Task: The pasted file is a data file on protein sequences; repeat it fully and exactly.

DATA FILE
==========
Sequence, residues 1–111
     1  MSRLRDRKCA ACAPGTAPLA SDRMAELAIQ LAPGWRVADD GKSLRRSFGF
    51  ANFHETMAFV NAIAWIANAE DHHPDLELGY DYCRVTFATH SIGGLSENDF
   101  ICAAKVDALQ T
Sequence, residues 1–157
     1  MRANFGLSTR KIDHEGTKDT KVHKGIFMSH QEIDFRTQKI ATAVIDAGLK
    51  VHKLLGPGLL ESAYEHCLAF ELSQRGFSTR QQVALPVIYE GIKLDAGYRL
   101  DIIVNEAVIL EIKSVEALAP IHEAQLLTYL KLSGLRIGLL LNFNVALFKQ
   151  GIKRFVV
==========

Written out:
Sequence, residues 1–111
     1  MSRLRDRKCA ACAPGTAPLA SDRMAELAIQ LAPGWRVADD GKSLRRSFGF
    51  ANFHETMAFV NAIAWIANAE DHHPDLELGY DYCRVTFATH SIGGLSENDF
   101  ICAAKVDALQ T
Sequence, residues 1–157
     1  MRANFGLSTR KIDHEGTKDT KVHKGIFMSH QEIDFRTQKI ATAVIDAGLK
    51  VHKLLGPGLL ESAYEHCLAF ELSQRGFSTR QQVALPVIYE GIKLDAGYRL
   101  DIIVNEAVIL EIKSVEALAP IHEAQLLTYL KLSGLRIGLL LNFNVALFKQ
   151  GIKRFVV